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Prosecution challenges brand-inspection order in higher court

by Wyoming Livestock Roundup

Published on Jan. 25, 2020

Prosecutors are now making a second challenge to a Circuit Court Judge’s order that upholds a magistrate’s decision that state brand-inspection stops are unconstitutional without probable cause.

            That decision – a potential precedent – is leading law enforcement, judges and the public to question proper procedures for carrying and checking livestock permits between counties. Not to mention the judge’s assignment of the case to an unqualified part-time magistrate.

            On Jan. 6, Sublette County Deputy Attorney Stan Cannon filed a petition for a writ of review in Ninth District Court.

            This follows the prosecutions earlier motion of Dec. 10 asking Sublette County Circuit Court Judge Curt Haws to review and reverse Magistrate Clay Kainer’s ruling that a deputy’s stop of Rex F. Rammell to search his livestock trailer and request brand inspections were “unreasonable.”

            On Dec. 23, Judge Haws upheld Magistrate Kainer’s legal analysis and order as “sound and appropriate.” He cancelled the Jan. 14 trial and transferred the motion and Rammell’s case to Albany County Circuit Court Judge Robert Castor. Judge Haws recused himself and assigned Kainer to Rammell’s misdemeanor case.

Rammell case

            Rock Springs Veterinarian Rammell was charged with five violations of the state brand inspection law on June 27 when he trailered five horses from Sweetwater to Sublette County without proper paperwork. Cannon is prosecuting the case; Rammell chose to represent himself.

            The case centers on Wyoming statutes 11-21-103(a) and 11-21-204 that give any inspector, game warden or peace officer authority to stop any vehicle carrying livestock, poultry or carcasses to examine the owner’s permit and the contents.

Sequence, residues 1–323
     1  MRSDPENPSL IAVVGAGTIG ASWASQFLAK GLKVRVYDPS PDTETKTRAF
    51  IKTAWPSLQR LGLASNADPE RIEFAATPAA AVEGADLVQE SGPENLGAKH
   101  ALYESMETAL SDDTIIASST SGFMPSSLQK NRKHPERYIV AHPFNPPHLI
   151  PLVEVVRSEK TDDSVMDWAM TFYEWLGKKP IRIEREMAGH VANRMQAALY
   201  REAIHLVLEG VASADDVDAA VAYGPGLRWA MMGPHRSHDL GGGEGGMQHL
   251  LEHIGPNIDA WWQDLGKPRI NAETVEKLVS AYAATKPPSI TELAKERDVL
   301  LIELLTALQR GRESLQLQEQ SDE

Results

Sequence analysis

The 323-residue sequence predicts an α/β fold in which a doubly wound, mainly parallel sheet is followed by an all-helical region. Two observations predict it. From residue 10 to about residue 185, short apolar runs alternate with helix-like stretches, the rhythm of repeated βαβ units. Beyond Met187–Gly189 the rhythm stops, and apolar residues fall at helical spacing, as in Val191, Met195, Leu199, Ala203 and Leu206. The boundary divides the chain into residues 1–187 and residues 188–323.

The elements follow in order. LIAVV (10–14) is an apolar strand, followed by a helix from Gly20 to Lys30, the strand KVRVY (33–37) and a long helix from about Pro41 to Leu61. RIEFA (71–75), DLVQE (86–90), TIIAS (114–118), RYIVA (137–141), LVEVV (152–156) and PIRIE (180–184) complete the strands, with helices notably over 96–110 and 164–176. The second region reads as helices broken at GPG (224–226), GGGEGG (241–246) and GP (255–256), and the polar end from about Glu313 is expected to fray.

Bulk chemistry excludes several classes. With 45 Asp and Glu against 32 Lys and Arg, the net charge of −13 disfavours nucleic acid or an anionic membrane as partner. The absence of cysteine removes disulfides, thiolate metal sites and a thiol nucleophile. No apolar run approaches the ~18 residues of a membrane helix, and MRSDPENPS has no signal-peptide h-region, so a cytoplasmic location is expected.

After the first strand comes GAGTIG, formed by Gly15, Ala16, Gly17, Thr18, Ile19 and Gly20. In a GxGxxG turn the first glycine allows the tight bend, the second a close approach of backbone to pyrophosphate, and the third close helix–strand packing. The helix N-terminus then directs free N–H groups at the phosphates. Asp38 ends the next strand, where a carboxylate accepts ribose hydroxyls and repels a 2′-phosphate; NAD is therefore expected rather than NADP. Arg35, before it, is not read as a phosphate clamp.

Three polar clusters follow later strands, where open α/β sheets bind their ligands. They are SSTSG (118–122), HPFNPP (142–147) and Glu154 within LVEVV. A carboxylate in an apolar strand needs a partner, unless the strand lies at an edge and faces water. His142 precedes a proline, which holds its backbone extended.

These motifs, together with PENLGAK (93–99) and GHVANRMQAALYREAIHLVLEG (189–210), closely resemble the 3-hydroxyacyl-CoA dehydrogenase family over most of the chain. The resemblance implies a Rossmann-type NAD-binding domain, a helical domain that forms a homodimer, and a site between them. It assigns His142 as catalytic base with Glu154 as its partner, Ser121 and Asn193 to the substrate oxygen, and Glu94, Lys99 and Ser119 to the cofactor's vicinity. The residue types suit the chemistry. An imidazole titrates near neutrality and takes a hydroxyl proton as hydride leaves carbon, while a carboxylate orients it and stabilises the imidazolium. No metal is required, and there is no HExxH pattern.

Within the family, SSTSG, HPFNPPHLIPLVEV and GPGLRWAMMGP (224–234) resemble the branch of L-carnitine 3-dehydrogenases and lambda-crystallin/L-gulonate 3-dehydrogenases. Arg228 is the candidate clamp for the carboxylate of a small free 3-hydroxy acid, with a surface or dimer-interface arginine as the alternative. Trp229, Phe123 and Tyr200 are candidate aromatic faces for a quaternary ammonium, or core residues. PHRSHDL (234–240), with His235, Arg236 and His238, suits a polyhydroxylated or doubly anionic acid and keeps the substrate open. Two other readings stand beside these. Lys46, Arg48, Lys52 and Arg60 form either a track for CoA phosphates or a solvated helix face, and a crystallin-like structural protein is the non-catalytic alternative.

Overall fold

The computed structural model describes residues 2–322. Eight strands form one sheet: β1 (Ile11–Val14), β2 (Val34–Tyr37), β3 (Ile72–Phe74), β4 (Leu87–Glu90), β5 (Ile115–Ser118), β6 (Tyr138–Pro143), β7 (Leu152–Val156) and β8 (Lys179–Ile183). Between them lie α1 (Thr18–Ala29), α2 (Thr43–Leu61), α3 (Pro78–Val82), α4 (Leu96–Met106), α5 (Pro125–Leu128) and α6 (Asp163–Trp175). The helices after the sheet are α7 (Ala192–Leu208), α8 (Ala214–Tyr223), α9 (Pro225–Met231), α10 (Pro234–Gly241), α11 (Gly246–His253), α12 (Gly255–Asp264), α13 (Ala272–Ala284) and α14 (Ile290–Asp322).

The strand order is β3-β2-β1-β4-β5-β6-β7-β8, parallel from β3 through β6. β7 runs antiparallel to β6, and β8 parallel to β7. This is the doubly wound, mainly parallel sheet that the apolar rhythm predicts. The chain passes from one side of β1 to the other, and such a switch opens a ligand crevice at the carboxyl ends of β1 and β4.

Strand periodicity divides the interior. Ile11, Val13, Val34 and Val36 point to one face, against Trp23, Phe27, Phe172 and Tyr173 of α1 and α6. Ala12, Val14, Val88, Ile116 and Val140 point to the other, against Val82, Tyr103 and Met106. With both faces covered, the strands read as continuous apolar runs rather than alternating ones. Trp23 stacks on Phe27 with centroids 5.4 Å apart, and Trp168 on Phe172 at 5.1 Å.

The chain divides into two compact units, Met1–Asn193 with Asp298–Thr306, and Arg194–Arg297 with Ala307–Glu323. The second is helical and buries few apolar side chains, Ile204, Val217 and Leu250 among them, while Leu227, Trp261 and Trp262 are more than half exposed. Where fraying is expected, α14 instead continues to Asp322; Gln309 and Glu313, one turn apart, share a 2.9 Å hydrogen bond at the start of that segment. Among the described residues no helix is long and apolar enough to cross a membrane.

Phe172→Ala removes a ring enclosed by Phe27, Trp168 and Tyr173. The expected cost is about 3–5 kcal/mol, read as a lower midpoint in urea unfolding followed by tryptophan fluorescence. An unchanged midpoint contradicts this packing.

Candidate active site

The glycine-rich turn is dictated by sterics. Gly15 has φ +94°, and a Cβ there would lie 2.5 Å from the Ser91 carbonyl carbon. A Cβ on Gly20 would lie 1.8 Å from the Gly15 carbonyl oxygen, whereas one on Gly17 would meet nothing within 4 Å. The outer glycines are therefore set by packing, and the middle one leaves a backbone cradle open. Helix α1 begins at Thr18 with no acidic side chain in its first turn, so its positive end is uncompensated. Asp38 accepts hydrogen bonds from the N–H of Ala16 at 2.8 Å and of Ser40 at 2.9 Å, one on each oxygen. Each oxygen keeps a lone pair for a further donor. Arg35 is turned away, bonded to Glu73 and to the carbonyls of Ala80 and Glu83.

In November, Magistrate Kainer heard arguments from Cannon and Rammell about whether or not the June 27 incident report relating to the stop and search of the horse trailer should be suppressed as evidence.

            Kainer wrote as a “regulatory stop” under the law, prosecution had to show Rammell’s vehicle was “commercial property, involved in a closely regulated industry whose operation poses a clear and significant risk to public welfare.”

Without those conditions, the magistrate said the June 27 stop was unconstitutional and ordered the deputy’s report to be suppressed.

            In his Dec. 23 review, Judge Haws wrote, “The state failed in its burden to establish that law enforcement’s contact with Mr. Rammell complied with constitutional requirements.”

            Then court and county officials realized Kainer was not properly appointed and approved as a part-time magistrate. Sublette County Commissioners amended their Dec. 17 meeting agenda for a three-to-two vote. 

            Judge Haws addressed commissioners before the vote, saying he too was unaware of the statutory terms to appoint full-time and part-time magistrates and their roles.

District Court

            The prosecution’s petition for writ of review is assigned to ninth District Judge Marv Tyler.

It asks him or another District Court judge to reverse or modify Judge Haws’ order upholding the magistrate’s decision. It also questions if the state brand-inspection laws requires “reasonable suspicion of a crime” and if “a regulatory stop is limited to some commercial purpose.”

            The prosecution argues that Wyoming’s agriculture is a “necessary and ‘closely regulated’ industry, which includes the use of brands and branding irons that Wyoming … uses to regulate livestock, including horses.”

            It continues, “Certainly, by plain language of the statute the legislature intended all livestock, including those horses owned for recreation or pleasure be subject to brand inspections.”